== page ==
Cava: Catalan Champagne
Everything you need to know about Spain’s own sparkling wine
By Duncan Rhodes
Welcome to Cava country! Catalonia’s very own white (or pink) sparkling wine is made using the very same ‘Champagne method’ famously employed on the other side of the Pyrenees, and is a delicious – and much cheaper – version of its French cousin. It is extremely popular in Barcelona, and indeed the rest of Spain, thanks to the numerous vineyards in the region owned by top wine-makers such as Codorniu, Torres and Freixenet.
Defining The Drink
Cava was first produced in 1872 by Josep Raventós of the Codorniu winery, who, after a reconnaissance mission to France, fell in love with Champagne and successfully copied its production method using Spanish grapes.
The essential process that makes a Cava what it is (and not a mere carbonated wine) is the secondary fermentation of the wine in the same bottle in which it is sold; the bubbles are formed naturally. This produces finer, more persistent bubbles than sparkling wines made by other methods, such as adding CO2 to a still wine.
Cava is produced in varying levels of dryness, according to the amount of sugar used in the fermentation process. These are: brut nature, brut (extra dry), seco (dry), semiseco (medium) and dulce (sweet). Connoisseurs tend to prefer it dry.
According to Spanish law, it can be produced in six wine regions in Spain and must be made according to the traditional Champagne method to qualify as the real deal. The most common grapes used are Macabeo, Parellada and Xarello, although Chardonnay, Pinot Noir and Subirat can also be used to make a fine sparkling wine.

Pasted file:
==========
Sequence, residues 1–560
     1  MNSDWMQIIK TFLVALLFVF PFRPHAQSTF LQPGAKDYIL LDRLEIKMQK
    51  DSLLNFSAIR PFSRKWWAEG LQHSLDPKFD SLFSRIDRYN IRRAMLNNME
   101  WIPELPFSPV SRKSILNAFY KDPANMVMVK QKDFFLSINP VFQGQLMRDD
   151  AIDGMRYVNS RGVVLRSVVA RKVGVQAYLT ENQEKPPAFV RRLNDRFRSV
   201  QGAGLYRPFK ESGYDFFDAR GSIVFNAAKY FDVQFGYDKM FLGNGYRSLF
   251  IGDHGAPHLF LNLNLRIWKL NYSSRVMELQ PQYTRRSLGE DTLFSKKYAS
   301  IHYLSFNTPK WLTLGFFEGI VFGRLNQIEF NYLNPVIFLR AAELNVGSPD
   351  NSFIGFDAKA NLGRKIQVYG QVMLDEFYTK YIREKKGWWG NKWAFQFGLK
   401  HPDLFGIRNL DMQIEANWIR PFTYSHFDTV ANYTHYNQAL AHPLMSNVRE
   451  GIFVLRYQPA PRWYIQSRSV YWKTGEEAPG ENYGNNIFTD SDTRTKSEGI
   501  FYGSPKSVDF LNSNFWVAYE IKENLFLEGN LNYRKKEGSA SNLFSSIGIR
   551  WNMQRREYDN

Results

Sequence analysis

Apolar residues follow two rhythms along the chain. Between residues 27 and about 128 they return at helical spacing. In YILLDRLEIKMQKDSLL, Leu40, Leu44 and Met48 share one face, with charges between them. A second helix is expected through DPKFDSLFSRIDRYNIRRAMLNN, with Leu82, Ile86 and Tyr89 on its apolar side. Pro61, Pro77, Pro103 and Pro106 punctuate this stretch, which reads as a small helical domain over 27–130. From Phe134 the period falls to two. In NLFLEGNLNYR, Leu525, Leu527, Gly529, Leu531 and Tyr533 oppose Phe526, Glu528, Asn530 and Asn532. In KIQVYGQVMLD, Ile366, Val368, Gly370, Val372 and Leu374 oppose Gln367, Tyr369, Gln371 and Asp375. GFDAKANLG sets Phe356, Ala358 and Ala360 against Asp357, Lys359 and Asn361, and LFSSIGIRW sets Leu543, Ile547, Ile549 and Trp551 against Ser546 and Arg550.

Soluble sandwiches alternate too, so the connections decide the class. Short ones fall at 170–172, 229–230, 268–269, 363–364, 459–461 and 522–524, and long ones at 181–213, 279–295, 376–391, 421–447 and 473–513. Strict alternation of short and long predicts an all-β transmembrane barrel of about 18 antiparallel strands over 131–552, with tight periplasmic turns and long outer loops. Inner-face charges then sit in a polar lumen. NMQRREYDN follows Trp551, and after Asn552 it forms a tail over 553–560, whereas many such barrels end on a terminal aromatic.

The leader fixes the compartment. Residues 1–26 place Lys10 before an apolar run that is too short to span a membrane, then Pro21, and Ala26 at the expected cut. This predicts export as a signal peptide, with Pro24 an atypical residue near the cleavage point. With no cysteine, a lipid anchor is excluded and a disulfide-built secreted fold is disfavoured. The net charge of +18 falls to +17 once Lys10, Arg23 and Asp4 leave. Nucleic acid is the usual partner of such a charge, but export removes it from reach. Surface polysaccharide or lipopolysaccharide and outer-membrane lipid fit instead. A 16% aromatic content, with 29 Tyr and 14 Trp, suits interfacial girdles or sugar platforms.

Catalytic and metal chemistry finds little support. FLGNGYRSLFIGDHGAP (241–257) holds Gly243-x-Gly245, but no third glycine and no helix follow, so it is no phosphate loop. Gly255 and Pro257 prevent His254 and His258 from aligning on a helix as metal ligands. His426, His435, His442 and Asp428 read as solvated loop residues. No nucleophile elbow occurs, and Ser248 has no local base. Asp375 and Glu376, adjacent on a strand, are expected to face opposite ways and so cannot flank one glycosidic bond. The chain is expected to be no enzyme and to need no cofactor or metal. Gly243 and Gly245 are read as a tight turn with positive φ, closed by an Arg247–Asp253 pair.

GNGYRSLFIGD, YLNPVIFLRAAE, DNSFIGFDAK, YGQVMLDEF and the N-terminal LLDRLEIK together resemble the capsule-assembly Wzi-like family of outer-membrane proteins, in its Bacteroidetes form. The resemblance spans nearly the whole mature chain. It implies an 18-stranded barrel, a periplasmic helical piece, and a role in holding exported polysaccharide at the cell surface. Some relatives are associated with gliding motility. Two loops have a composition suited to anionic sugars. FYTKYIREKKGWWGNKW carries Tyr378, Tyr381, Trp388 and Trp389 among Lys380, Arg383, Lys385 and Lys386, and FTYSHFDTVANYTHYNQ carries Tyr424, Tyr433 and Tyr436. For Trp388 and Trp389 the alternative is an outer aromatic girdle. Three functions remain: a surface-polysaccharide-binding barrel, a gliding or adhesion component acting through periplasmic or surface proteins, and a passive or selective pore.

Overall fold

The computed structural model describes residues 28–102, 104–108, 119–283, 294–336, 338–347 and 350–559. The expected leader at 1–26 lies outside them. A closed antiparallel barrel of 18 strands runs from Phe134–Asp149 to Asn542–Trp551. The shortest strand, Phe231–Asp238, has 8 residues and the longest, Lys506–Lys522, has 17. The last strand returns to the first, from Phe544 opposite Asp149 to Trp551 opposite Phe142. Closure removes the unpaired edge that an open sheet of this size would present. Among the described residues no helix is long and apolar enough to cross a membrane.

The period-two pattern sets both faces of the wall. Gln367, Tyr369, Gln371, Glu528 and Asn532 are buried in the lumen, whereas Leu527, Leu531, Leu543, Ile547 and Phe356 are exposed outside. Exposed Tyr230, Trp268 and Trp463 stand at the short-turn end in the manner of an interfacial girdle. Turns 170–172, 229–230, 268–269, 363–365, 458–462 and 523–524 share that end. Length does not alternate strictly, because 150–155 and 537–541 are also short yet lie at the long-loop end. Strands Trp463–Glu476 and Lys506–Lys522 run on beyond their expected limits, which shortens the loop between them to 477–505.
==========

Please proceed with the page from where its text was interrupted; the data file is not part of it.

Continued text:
…article continues after photo.
Xampanyerias (Champagne Bars)
Barcelona’s small handful of Xampanyerias (the word is simply Catalan for Champagne bar/Cava bar) are much-loved institutions, adored by the locals who flock to these, usually homely, dens to stand cheek-by-jowl and munch on tapas in between glasses of the good stuff. Typically the Cava is served up as a complement to relatively cheap bocadillos (sandwiches) and tapas dishes which patrons are required to order if they want to be served drinks too. The atmosphere is often a feeding frenzy and a far cry from a civilised sit down meal – or quiet drink – however a visit to a Xampanyeria is strongly recommended for anyone who wants to sample these typical Barcelona joints and see the Catalans in their natural environment… everyone from old men in ill-fitting suits to boys in beach wear and senoritas in elegant cocktail dresses are partial to a Cava-flowing standing supper!
Found on the very same street at the Picasso Museum, what better way to round off an afternoon of effervescent art than a glass of bubbly? There’s no fixed menu and tourists with a poor grasp of Spanish are advised to queue up at the counter, rather than let the waiter decide for them (unless they want all the most expensive tapas in the house!). And whilst the lack of transparency on prices is a bit frustrating, the charm and art nouveau decor mean this is an iconic venue well worth visiting. Full review here.
Often referred to simply as ‘La Xampanyeria’, Can Paixano is an immensely popular, standing room only, bar in La Barceloneta district where vast hams are hung up over the counter and delicious bubbly is as cheap as chips… get there very early to avoid the stampede. Or better still get a local to take you there.
C/Reina Cristina 7
La Vinya del Senyor